The tankers were fell back toward Santo Tomas near Cabanatuan on December 27th, and December were at San Isidro south of Cabanatuan on December 28th and 29th. 
The tankers were at Santo Tomas near Cabanatuan on December 27th, and at San Isidro south of Cabanatuan on December 28th and 29th.  On January 1st, conflicting orders were received by the defenders who were attempting to stop the Japanese advance down Route 5.  Doing this would allow the Southern Luzon Forces to withdraw toward Bataan.  General Wainwright was unaware of the orders since they came from Gen. MacArthur's chief of staff. 
    Because of the orders, there was confusion among the Filipinos and American forces defending the bridges over the Pampanga River.  Due to the efforts of the Self Propelled Mounts, the 71st Field Artillery, and a frenzied attack by the 192nd Tank Battalion the Japanese were halted.  From January 2nd to 4th, the 192nd held the road open from San Fernando to Dinalupihan so the southern forces could escape.

    During the withdraw into the peninsula, the night of January 6th/7th, the 192nd held its position so that the 194th Tank Battalion could leap frog past it, cross a bridge, and then cover the 192nd's withdraw over the bridge. The 192nd was the last American unit to enter Bataan.    
    Over the next several months, the battalion fought battle after battle with tanks that were not designed for jungle warfare. 
The tank battalions , on January 28th, were given the job of protecting the beaches.  The 192nd was assigned the coast line from Paden Point to Limay along Bataan's east coast.  The Japanese later admitted that the tanks guarding the beaches prevented them from attempting landings.

    B Company also took part in the Battle of the Pockets to wipe out Japanese soldiers who had been trapped behind the main defensive line.  The tanks would enter the pocket one at a time to replace a tank in the pocket.  Another tank did not enter the pocket until a tank exited the pocket.
    To exterminate the Japanese, two methods were used.  The first was to have three Filipino soldiers ride on the back of the tank.  As the tank went over a Japanese foxhole, the Filipinos dropped three hand grenades into the foxhole.  Since the grenades were from WWI, one out of three usually exploded.
    The other method to use to kill the Japanese was to park a tank with one track over the foxhole.  The driver gave the other track power resulting with the tank spinning around and grinding its way down into the foxhole.  The tankers slept upwind of their tanks.

   On April 9, 1942, when Filipino and American forces were surrendered to the Japanese, Roger escaped to Corregidor.  He became a Prisoner of War when the island was surrendered to Japanese on May 6, 1942.  As a POW, he was sent to Cabanatuan.  It should be mentioned that his parents did not learn that he was a POW until May 21, 1943.
    Sometime in late 1942 or early 1943, Roger was selected for a work detail in Manila.  It was while Roger was on this detail that his parents received word, on May 21, 1943, that he was a POW.  This was the first news they had about him since he had left the States.  The detail occupied the Bachrach Garage and repaired trucks, cars and other equipment for the Japanese.  With him, on the detail, were Clyde Ehrhardt, Arthur Van Pelt, Warren Hildebrandt, Daniel Boni, and Ralph Ellis of B Company.  He remained on this detail until October 1944 when the detail was disbanded and the POWs were sent to Pier 7 in Manila.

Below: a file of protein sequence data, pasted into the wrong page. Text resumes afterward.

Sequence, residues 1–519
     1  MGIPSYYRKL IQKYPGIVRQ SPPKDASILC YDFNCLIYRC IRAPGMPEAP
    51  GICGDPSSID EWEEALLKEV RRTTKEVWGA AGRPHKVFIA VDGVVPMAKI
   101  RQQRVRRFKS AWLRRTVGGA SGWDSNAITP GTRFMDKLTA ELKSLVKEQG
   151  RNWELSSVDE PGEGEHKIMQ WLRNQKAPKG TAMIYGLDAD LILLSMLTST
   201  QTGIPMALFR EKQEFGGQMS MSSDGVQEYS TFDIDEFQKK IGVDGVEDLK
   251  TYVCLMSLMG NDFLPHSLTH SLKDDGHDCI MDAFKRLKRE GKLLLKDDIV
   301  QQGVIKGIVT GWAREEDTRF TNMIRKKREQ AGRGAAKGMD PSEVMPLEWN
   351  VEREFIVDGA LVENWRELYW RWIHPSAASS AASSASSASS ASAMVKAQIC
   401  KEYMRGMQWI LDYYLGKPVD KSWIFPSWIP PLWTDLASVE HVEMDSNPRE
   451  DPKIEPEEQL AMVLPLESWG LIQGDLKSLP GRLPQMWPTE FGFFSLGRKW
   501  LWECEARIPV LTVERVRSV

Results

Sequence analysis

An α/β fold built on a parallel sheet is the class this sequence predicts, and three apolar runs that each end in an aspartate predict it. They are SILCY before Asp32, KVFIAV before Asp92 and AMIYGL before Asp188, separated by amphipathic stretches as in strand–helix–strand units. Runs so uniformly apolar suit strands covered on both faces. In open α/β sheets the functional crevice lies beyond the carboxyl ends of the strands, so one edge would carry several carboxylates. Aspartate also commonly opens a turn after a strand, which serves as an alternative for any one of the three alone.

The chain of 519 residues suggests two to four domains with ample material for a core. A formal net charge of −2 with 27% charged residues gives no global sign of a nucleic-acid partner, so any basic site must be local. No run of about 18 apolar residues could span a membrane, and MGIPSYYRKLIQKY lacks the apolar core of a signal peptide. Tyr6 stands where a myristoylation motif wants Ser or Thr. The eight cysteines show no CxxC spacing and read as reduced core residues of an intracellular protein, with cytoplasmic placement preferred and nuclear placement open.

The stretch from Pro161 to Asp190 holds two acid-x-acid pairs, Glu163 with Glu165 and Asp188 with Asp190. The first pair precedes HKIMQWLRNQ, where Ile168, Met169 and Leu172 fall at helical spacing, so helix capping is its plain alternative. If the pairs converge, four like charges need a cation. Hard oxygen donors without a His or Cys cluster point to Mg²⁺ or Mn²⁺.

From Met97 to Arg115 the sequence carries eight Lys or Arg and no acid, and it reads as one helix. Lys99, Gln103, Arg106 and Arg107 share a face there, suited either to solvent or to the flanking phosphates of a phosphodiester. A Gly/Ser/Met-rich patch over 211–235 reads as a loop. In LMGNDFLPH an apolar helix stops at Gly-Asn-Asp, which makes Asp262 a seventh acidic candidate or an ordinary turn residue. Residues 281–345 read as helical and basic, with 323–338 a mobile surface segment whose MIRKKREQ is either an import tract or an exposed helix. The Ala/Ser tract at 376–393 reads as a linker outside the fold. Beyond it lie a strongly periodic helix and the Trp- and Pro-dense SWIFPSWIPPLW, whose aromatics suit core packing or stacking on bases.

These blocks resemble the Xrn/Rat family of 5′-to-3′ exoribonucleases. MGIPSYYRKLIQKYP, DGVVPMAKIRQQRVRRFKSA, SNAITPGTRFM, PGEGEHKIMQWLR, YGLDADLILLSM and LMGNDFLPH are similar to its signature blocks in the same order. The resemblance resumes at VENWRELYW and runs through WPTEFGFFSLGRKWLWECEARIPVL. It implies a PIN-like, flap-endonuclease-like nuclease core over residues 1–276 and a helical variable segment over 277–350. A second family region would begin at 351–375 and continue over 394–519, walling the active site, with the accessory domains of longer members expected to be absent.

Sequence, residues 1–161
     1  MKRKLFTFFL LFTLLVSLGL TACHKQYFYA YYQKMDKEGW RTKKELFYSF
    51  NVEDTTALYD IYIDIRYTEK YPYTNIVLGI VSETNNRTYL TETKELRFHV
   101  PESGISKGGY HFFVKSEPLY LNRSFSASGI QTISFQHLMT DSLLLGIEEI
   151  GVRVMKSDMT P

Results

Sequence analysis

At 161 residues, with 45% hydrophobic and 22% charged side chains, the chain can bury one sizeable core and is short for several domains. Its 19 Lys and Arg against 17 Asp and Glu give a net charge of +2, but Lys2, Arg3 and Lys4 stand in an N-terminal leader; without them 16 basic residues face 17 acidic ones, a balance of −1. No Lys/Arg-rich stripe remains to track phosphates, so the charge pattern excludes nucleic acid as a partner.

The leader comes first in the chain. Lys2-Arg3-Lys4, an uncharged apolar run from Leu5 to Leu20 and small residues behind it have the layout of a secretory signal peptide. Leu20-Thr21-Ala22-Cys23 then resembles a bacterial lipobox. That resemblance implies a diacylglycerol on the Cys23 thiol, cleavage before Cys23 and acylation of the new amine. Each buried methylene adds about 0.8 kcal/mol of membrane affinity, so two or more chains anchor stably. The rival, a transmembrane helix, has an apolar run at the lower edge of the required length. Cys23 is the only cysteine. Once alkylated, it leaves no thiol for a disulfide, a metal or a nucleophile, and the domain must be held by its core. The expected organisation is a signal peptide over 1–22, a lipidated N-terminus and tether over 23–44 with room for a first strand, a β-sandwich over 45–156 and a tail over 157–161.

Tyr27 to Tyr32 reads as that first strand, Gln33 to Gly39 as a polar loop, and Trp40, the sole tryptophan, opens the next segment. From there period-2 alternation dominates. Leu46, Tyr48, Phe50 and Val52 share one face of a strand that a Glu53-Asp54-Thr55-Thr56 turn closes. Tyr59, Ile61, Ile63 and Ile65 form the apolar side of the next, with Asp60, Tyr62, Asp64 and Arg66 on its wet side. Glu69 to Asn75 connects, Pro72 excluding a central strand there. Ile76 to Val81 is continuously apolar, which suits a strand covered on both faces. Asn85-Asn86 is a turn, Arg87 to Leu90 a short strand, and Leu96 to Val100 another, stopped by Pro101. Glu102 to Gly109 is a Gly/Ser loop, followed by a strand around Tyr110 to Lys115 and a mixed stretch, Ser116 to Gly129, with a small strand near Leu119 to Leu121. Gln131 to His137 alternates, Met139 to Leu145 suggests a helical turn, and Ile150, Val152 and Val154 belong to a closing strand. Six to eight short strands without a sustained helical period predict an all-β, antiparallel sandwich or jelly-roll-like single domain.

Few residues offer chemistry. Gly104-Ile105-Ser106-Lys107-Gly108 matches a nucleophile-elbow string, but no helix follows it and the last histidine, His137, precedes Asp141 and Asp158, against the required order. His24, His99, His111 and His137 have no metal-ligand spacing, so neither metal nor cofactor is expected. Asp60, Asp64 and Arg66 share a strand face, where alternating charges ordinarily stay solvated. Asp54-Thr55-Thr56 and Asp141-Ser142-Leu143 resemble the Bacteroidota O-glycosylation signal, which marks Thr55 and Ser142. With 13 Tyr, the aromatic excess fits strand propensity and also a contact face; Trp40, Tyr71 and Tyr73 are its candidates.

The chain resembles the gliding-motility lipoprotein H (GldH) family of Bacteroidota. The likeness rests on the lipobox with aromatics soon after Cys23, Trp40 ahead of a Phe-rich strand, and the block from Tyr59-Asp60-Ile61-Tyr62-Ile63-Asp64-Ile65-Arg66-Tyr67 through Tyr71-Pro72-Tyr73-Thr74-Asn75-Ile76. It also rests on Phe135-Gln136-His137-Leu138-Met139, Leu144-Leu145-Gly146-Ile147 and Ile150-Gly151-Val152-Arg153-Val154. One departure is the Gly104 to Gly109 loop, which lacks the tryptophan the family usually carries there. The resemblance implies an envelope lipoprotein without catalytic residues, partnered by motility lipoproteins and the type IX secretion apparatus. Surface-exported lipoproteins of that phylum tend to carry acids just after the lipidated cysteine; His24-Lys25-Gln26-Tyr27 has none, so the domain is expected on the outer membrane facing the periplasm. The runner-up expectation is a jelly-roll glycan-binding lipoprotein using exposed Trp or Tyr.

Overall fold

Roger and the other POWs were boarded onto the Arisan Maru.  The POWs were schedule to sail on the Hokusen Maru, but the ship was ready sail and their entire POW detachment had not arrived at the pier.  The Japanese swapped POW detachments and put the other detachment on the ship.
    The Arisan Maru sailed on October 11th to avoid attacks by American planes.  The ship returned to Manila to join the convoy.  For the next twelve days as the ship waited, the POWs remained in the holds until the ship sailed a second time.
    According to the survivors of the Arisan Maru, on Tuesday, October 24, 1944, near dinner time, POWs were on deck preparing the meal for those in the ship's two holds.  The ship was, in the Bashi Channel, off the coast of China.  There was a sudden jar which was caused by the ship being hit by two torpedoes.  The ship stopped dead in the water.  It is believed that the submarine that fired the torpedoes was the U. S. S Snook.
    As the Japanese abandoned ship, they cut the rope ladders into the ship's two holds.  Some of the POWs in the second hold were able to climb out and lowered a ladder to those in the first hold.  They also dropped ropes down to the POWs in both holds.
    Many of the POWs attempted to escape the ship by clinging to rafts, hatch covers, flotsam and jetsam.  Most of the POWs survived the attack but died because the Japanese refused to rescue  them.  The Japanese destroyers in the convoy deliberately pulled away from the POWs as they attempted to reach them.
    Sgt. Roger Heilig lost his life when the Arisan Maru was torpedoed in the South China Sea.  Of the 1800 POWs on the ship, only nine survived the sinking.  Since he was lost at sea, Sgt. Roger Heilig's name is inscribed on the Tablets of the Missing at the American Military Cemetery outside of Manila.  After the war, 1st Sgt. Roger Helig's family had a memorial dedicated to him at Arlington National Cemetery in Virginia.
    It should be mentioned that Roger's best friend, Warren Hildebrandt, whom he joined the National Guard with also died in the sinking of the Arisan Maru.